settings icon
profile icon

Newsletter | Swarm Tells The Bloody Truth About Stan-dom

Newsletter | Swarm Tells The Bloody Truth About Stan-dom
Dominique Fishback in Swarm. Amazon Prime Video
  • Team OTTplay

Last Updated: 08.29 AM, Mar 23, 2023

Available On:

This column was originally published as part of our newsletter The Daily Show on March 23, 2023. Subscribe here. (We're awesome about not spamming your inbox!)


WHERE DOES ONE EVEN BEGIN with Swarm — Amazon Prime’s latest binge offering? Let’s start with just the roster of star power pulling up for this show: It is co-created by Donald Glover (aka rapper Childish Gambino), showrunner and star of the much-lauded, critically-acclaimed Atlanta and Janine Nabers, a writer on Atlanta and the Damon Lindelof-created brilliance Watchmen. The cast features Chloe Bailey, twinsies with Halle, Disney’s new Little Mermaid; along with cameos by Paris Jackson — daughter of Michael; Rory Culkin — brother of Macaulay and Kieran; Rickey Thompson — social media meme sensation; and before we forget, there’s global pop star Billie Eilish making her acting debut as an enigmatic leader of an all-female commune. Oh, and also, the former First Daughter Malia Obama is credited as one of the writers on the series. Does Swarm have your complete and undivided attention now?

HERE’S THE PREMISE OF THE SHOW: a young Black woman, Andrea “Dre” Greene (played by Dominique Fishback), is obsessed with an R&B star named Ni’Jah, and this takes a brutal, bloody turn. Over seven half-hour episodes, Dre transforms from a strange and sweet-faced woman to one briskly dispensing justice by way of sledgehammer, kettlebell, cast-iron frying pan or any other heavy object at close range. Her victims: the people who don’t worship her goddess Ni’Jah like she does. Or if you have the wrong answer to “Who is your favourite artist?” But she’ll also shoot someone for being annoying. The threshold for her violence is just very, very low.

Ni’jah is clearly based on Beyoncé. She too comes from Houston. Her fans are called The Swarm, much like the Beyhive. She has a sister who gets into a fight with her cheating brother-in-law in an elevator. In case there were ever any doubts, a character named Hailey (played by Paris Jackson) jokes in an early episode: “You’re a killer bee. Part of the swarm. Talk about Ni’jah, you get stung.” The central character’s obsession forms the groundwork for the show to explore the real-world implications of fan culture and social media sites. It also doesn’t hold back on pushing these possibilities to their very bitter end, to show us the effects on someone who hasn’t always felt seen by the world. Perhaps, it is for this reason that Swarm opens with the title shot of the words: “This is not a work of fiction. Any similarity to actual persons, living or dead, or actual events is intentional.”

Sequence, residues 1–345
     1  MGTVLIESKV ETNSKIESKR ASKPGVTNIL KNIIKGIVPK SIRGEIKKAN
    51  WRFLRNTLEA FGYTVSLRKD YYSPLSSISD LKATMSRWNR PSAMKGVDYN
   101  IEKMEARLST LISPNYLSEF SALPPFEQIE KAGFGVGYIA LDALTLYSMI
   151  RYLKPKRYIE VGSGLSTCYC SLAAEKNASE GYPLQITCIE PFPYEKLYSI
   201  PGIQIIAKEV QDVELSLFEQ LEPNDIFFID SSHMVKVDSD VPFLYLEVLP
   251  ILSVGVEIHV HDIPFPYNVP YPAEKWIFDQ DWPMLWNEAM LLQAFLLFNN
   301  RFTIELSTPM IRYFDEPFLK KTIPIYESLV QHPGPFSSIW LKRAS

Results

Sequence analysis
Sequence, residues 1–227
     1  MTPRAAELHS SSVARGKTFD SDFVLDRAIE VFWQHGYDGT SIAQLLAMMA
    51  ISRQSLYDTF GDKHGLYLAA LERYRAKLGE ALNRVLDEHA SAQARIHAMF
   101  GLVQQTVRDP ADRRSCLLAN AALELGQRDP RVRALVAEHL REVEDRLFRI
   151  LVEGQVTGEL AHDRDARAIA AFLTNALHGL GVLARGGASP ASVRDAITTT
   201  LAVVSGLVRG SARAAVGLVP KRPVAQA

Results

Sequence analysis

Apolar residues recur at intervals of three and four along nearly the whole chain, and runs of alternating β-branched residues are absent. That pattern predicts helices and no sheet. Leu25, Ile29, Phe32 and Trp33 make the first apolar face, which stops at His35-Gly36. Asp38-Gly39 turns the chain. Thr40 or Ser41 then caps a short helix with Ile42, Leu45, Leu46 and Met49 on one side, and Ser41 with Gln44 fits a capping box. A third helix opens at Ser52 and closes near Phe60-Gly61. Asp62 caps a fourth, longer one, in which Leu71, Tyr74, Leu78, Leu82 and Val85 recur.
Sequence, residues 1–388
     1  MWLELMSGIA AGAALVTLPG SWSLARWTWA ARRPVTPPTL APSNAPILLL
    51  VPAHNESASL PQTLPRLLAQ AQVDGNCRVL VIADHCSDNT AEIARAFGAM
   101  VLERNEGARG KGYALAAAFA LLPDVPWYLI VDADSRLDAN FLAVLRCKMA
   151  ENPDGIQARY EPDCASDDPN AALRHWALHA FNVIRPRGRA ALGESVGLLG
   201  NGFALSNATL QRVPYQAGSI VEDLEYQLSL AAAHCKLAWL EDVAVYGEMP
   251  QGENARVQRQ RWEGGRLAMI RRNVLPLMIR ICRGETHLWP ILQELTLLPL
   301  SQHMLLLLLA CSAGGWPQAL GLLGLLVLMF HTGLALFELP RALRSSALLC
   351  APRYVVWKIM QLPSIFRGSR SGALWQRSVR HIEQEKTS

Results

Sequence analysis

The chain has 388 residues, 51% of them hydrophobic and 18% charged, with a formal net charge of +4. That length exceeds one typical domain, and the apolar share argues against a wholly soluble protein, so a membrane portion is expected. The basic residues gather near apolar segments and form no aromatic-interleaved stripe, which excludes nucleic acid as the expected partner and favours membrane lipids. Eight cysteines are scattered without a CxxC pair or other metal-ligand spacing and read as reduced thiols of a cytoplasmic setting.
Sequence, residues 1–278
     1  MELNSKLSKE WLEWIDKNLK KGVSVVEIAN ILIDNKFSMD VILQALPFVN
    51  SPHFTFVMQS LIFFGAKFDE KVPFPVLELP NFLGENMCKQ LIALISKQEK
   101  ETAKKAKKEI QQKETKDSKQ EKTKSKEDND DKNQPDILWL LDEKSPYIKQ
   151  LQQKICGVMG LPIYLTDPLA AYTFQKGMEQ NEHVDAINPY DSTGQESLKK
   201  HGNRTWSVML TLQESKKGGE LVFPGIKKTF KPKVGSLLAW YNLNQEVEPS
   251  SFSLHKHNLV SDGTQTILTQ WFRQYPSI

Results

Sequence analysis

We meet Dre in the first episode, as she is maxing out a brand new credit card to buy overpriced tickets to a Ni’Jah concert. It’s a birthday surprise for her roommate, best-friend and fellow superfan Marissa “Ris” Jackson (played by Chloe Bailey). Dre is barely employed, living in Houston in 2016. By the end of the episode, Marissa dies by suicide, finding parallels with her cheating boyfriend and the release of Ni’Jah’s album with the same subject matter. (Beyoncé released her visual album Lemonade in 2016.) Dre murders Marissa’s boyfriend Khalid (played by Damon Idris) in response. With this episode, many of the recurring motifs and metaphors are immediately established: the buzzing of bees gets louder and louder before each bloody attack, the camera is robust and ready, and the series being shot on film gives the colours that something extra: blood is more bloody and after each of her kills, Dre throws open a nearby refrigerator and shovels fistfuls of food into her mouth.

THIS REPEATED ACT of greedily eating is cleverly braided into the fabric of the show. It feels like Dre’s insatiable hunger acts as a metaphor for the real things that stan culture stands in for in the lives of young fans: self-respect and dignity, love and friendship, acceptance and money. It also speaks to the endless consumption of the tiny bits of information searched out by fans to feed their desperate need for identification and intimacy with their idols. It isn’t surprising at all that when Dre finally manages to wrangle her way into the same room as Ni’Jah at an after-party, she seeks to gobble her up and ends up biting her on the face. (Again, it’s the showrunners of Swarm drawing from the real life controversy from 2018: the #WhoBitBeyonce internet debate.)

It doesn’t take a cultural critic to tell us why more and more showrunners and filmmakers are going down the route of the horror genre, especially in showing us the lives and stories of people outside of the white-male experience set in present-day America. It allows for the fiction, fantasy and format of this genre to channel and temper the full-blown anger and rage of these communities. Swarm should be watched because it tells us something about contemporary lives, using television as a medium to test out truths. And there’s also Dominique Fishback’s carefully calibrated performance as Dre, where she moves between meek and monstrous, slowly stepping out of the shadows to strike fear.